Turning to the passages in question, the Court observed that the article discussed corruption within the regional authorities that had involved a number of State officials and had led to the conviction of one of them. The article in question was accompanied by a photograph where Mr. Simonenko appeared along with other people and included other passages where he was mentioned by name. However, the Court doubted the domestic court’s finding that Mr. Simonenko had been affected by the passages in question. Besides, even assuming that Mr. Simonenko could have been considered to have been directly affected by these passages, the Court found that they were value judgments that had a sufficient factual basis given the criminal proceedings instituted against certain regional officials, including Mr. Simonenko. Moreover, by calling the relevant officials “thieves” in the present context, Mr. Fedchenko had not overstepped the degree of exaggeration or even provocation covered by journalistic freedom.
As regards the Second Impugned Passage, the Court noted that the Bryansk Regional Court found it to be an assertion that Mr. Simonenko should be punished for the offences he had committed, which constituted a statement of fact. The Court was not convinced by such an interpretation and held that it constituted speculation by Mr. Fedchenko as to what sentence Mr. Denin and Mr. Simonenko might have received if they had been found guilty by the court of a similar offence. That was clearly a supposition by the author and could not be considered as a statement of fact. Moreover, this passage remained within the acceptable limits, “being closely connected with the factual information provided by the applicant in his article, given that criminal proceedings had been instituted and discontinued against Mr Simonenko, and another set of criminal proceedings had led to the conviction of another regional official.” [para. 49]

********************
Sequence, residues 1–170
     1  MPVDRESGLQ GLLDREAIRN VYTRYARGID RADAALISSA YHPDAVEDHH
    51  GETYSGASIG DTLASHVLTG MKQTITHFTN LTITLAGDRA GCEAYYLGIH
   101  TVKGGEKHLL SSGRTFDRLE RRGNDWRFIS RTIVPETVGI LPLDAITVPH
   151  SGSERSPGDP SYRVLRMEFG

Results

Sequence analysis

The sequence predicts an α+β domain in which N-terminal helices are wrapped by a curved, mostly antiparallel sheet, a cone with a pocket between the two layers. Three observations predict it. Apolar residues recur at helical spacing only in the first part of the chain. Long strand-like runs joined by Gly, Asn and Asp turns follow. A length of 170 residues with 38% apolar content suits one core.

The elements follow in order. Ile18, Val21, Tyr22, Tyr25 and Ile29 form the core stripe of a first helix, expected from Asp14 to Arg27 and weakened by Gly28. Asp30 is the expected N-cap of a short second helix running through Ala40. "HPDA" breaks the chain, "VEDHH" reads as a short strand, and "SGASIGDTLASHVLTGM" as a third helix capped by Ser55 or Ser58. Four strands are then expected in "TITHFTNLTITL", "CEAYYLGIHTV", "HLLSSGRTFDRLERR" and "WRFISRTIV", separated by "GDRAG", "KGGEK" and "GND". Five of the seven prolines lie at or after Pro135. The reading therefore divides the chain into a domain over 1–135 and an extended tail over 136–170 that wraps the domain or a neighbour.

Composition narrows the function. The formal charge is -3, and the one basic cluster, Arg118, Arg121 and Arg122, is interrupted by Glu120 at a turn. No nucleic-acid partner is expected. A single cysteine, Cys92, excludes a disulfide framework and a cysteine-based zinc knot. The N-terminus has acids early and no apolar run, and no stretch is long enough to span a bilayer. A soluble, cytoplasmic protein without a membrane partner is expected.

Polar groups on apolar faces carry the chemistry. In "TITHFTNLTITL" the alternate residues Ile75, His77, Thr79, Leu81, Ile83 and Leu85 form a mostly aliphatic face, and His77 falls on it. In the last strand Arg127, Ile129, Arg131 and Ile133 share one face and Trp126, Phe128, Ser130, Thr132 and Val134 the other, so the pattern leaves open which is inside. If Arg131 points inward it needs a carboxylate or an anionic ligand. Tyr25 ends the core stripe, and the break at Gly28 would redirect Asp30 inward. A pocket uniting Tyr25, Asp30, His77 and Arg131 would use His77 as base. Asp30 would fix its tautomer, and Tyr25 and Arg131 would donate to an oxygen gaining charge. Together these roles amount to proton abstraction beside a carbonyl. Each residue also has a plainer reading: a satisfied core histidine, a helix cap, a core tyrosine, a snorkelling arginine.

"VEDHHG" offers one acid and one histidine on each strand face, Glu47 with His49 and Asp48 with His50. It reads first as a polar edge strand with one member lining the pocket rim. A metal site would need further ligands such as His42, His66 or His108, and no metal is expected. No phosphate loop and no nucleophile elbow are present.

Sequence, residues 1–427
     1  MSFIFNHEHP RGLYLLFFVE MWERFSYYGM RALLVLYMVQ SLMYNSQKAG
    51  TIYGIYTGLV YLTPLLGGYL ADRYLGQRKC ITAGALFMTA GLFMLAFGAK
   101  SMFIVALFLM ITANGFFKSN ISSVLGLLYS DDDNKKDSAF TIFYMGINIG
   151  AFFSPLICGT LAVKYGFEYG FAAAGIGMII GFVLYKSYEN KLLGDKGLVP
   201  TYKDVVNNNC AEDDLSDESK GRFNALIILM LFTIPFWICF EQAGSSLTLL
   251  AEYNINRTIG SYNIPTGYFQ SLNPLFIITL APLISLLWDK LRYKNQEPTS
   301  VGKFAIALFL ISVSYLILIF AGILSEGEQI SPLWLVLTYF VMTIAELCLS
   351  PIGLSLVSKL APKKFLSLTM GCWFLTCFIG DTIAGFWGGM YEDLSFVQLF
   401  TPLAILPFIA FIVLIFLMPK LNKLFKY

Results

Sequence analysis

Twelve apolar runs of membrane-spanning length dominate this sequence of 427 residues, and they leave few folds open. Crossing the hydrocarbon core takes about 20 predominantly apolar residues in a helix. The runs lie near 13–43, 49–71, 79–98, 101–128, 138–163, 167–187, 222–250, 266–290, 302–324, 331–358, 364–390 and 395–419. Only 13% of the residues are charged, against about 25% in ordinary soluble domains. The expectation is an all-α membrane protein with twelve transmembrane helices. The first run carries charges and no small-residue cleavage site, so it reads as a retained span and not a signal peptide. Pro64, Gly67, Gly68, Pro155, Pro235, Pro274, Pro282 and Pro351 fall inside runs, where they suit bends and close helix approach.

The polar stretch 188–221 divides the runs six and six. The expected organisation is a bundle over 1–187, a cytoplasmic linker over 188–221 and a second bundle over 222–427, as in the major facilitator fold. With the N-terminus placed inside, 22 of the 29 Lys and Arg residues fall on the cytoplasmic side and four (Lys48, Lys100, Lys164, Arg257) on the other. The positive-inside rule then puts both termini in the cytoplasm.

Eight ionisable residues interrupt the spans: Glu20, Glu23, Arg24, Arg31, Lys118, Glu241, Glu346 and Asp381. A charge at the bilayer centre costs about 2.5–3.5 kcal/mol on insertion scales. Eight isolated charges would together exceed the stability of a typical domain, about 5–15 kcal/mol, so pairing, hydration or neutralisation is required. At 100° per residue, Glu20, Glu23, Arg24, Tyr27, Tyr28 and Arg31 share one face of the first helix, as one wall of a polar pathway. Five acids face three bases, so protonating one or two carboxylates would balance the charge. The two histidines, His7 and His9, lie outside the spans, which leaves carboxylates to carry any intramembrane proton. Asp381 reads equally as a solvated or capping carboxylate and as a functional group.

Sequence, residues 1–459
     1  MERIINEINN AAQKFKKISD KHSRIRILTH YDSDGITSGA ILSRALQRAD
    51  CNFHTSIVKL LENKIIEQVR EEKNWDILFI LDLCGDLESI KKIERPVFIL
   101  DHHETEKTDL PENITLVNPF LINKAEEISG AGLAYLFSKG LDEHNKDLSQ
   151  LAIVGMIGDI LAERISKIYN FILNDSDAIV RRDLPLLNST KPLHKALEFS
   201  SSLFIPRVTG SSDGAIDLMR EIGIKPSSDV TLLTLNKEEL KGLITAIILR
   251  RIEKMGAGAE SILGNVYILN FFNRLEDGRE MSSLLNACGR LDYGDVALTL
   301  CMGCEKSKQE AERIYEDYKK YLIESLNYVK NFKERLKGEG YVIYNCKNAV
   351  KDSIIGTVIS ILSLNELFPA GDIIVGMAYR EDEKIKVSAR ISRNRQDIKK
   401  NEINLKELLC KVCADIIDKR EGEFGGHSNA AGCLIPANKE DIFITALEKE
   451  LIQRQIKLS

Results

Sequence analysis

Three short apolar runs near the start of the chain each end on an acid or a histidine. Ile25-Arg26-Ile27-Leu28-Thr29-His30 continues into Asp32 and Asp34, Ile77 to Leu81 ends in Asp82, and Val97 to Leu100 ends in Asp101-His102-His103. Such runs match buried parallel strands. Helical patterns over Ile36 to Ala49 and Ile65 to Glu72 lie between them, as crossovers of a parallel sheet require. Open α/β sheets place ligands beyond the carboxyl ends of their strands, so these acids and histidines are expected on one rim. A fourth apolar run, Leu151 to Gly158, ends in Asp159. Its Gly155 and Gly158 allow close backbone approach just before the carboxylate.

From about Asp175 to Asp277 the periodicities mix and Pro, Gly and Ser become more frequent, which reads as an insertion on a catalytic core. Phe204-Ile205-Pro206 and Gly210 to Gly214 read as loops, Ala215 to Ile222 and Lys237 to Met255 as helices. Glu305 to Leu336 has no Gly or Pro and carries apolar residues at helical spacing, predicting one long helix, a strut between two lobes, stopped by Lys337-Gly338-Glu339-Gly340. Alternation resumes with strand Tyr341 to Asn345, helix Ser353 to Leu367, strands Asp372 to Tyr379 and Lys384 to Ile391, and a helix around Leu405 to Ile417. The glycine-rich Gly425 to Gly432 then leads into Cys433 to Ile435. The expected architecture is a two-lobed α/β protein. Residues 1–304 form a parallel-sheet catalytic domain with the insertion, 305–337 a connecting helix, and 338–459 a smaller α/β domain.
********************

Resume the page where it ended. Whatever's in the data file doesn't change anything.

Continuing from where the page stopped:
In light of the foregoing, the Court had no difficulty in concluding that the domestic courts had failed to strike a fair balance between the journalist’s right to freedom of expression and the protection of Mr. Simonenko’s reputation in accordance with the Court’s case-law under Article 10 of the Convention. The Count further noted that the fact that the proceedings were civil rather than criminal in nature, and that the final award was relatively small, did not detract from the fact that the standards applied by the domestic courts were not compatible with the principles embodied in Article 10 of the Convention. There had accordingly been a violation of Article 10 of the Convention since the interference was not “necessary in a democratic society”. As for damages, the Court awarded Mr. Fedchenko EUR 7,500 in respect of non-pecuniary damages.
Decision Direction indicates whether the decision expands or contracts expression based on an analysis of the case.
The judgment expands expression since the European Court of Human Rights (Court) showed its commitment to fighting against the judicial harassment of journalists who are often victims of vexatious legal actions brought by politicians. This was one of a series of cases brought by Oleg Dmitriyevich Fedchenko following successful defamation suits that had been brought against him by Russian politicians. In all of these cases, the Court found a violation of the right to freedom of expression and noted the domestic courts’ failure to apply its case law on the right to freedom of expression. In this case, the Court was careful to point out that, for a claim in defamation to be made out, the relevant statement must refer to the plaintiff. If this were not the case, journalists would find themselves facing numerous defamation suits and this would ultimately have a chilling effect on the press.
Global Perspective demonstrates how the court’s decision was influenced by standards from one or many regions.
Case significance refers to how influential the case is and how its significance changes over time.